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THE DYNASTY GURU’S 2022 TOP 50 DYNASTY LEAGUE THIRD BASEMAN, #1-10

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1. José Ramírez, Cleveland Guardians (Age: 29, Previous Rank: 1)

Jose Ramírez had a miserable first half of the 2019 season. Since then, he’s been almost flawless. He salvaged 2019 with a huge second half, finished runner-up in the 2020 AL MVP voting, and this past season slashed .266/.355/.538 with 36 HR, 27 SB, 111 R, and 103 RBI. More of the same seems likely for the foreseeable future.

That production could come in a different uniform. The Guardians have an $11 million option on Ramírez for 2023 which they would be insane not to pick up. They’re far too frugal to pay him what he’ll want beyond that, so a trade at some point in the next two years is likely. That may not be a bad thing for his fantasy value – it’s not like Cleveland has an especially great lineup or park to hit in. They are aggressive on the basepaths, so Ramírez could lose some steal opportunities elsewhere, but that wouldn’t be nearly enough to remove him from the ranks of the elite. (Ben Sanders)

2. Rafael Devers, Boston Red Sox (Age: 25, Previous Rank: 2)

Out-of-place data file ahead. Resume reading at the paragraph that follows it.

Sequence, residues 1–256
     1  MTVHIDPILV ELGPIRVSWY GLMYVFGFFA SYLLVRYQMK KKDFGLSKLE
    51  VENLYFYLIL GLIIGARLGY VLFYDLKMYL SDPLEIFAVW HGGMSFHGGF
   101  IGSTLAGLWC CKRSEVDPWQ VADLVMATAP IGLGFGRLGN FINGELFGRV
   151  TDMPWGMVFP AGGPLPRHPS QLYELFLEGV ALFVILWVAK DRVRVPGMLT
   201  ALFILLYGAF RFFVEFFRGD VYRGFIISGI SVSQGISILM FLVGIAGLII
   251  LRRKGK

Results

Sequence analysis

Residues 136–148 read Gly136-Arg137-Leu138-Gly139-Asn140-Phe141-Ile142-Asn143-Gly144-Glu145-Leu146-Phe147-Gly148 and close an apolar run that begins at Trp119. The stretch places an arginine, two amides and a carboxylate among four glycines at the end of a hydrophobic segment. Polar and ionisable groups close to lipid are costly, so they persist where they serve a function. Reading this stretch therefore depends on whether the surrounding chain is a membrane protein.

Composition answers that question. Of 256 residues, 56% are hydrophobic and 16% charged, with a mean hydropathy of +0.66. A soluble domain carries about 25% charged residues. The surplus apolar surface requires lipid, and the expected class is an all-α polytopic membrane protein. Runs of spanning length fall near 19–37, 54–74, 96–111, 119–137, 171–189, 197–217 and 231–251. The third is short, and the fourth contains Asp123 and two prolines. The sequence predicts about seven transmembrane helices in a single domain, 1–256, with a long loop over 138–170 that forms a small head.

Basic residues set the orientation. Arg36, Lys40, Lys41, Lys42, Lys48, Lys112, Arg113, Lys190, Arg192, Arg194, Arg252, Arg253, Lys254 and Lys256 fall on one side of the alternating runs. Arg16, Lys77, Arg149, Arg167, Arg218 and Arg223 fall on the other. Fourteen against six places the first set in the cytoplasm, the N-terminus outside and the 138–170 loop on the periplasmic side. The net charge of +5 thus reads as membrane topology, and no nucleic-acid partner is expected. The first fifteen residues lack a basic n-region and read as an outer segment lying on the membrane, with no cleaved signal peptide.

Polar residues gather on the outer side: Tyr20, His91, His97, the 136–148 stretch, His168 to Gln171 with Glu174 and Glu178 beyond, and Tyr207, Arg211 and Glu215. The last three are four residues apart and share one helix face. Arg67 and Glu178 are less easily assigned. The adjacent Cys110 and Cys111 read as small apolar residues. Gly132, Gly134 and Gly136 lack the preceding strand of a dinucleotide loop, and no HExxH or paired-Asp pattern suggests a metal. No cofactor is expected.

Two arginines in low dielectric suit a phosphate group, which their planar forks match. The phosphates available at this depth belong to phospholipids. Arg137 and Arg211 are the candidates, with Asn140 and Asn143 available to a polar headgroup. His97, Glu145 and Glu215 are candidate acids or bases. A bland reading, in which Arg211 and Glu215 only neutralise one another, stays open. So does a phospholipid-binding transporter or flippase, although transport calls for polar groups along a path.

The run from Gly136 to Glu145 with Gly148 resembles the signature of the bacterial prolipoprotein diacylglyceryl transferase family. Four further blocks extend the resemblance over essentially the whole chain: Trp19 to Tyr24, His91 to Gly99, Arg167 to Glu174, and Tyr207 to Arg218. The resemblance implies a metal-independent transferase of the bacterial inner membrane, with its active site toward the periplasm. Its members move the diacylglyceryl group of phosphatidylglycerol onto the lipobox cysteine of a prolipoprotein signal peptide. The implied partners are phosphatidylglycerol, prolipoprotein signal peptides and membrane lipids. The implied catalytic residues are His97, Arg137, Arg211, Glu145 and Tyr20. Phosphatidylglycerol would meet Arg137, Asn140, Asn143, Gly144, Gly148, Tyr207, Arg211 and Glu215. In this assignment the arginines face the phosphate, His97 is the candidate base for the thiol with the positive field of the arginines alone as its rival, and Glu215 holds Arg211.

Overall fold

Rafael Devers’ 2020 was mildly disappointing but was wisely written off by most as merely a small-sample blip on his inevitable rise to superstardom. He rebounded with a monster 2021 line of .279/.352/.538 with 38 HR, 101 runs, and 113 RBIs – almost as good as his 2019 numbers. He has massive power, improving plate discipline, hits in a stacked Boston lineup in hitter-friendly Fenway Park, and is just entering his prime years. What’s not to love?

Perhaps a few more stolen bases would be nice, as that’s all that’s keeping Jose Ramirez ahead of him in these rankings, but even without them, I expect Devers to eventually claim the top spot at the hot corner and probably have a long reign there. (Ben Sanders)

3. Manny Machado, San Diego Padres (Age: 29, Previous Rank: 5)

Manny Machado has been one of the most dependable players in baseball over the past decade. He was sidelined for nine games in 2021, the most he’s missed in any season since 2014. Even in his relatively bad years, he’s been good for 30 HR, 80 R, and 80 RBI. He had a down year in the homer department this past season, only hitting 28, but they came with 92 R, 106 RBI, and 12 SB. Not much to complain about there.

Machado might be capable of even better. He slashed .304/.370/.580 in the pandemic-shortened 2020 campaign and was on pace to set career-best marks in just about every offensive category. Though he didn’t come close to repeating those numbers in 2021, there may have been bad fortune involved. Machado’s .380 xwOBA was 30 points higher than his actual wOBA, and he hit the ball harder than ever (119.6 max exit velocity, 93.1 average). There might be an MVP-caliber year in him, but even if not, there should be many more productive seasons. (Ben Sanders)

4. Austin Riley, Atlanta Braves (Age: 24, Previous Rank: 20)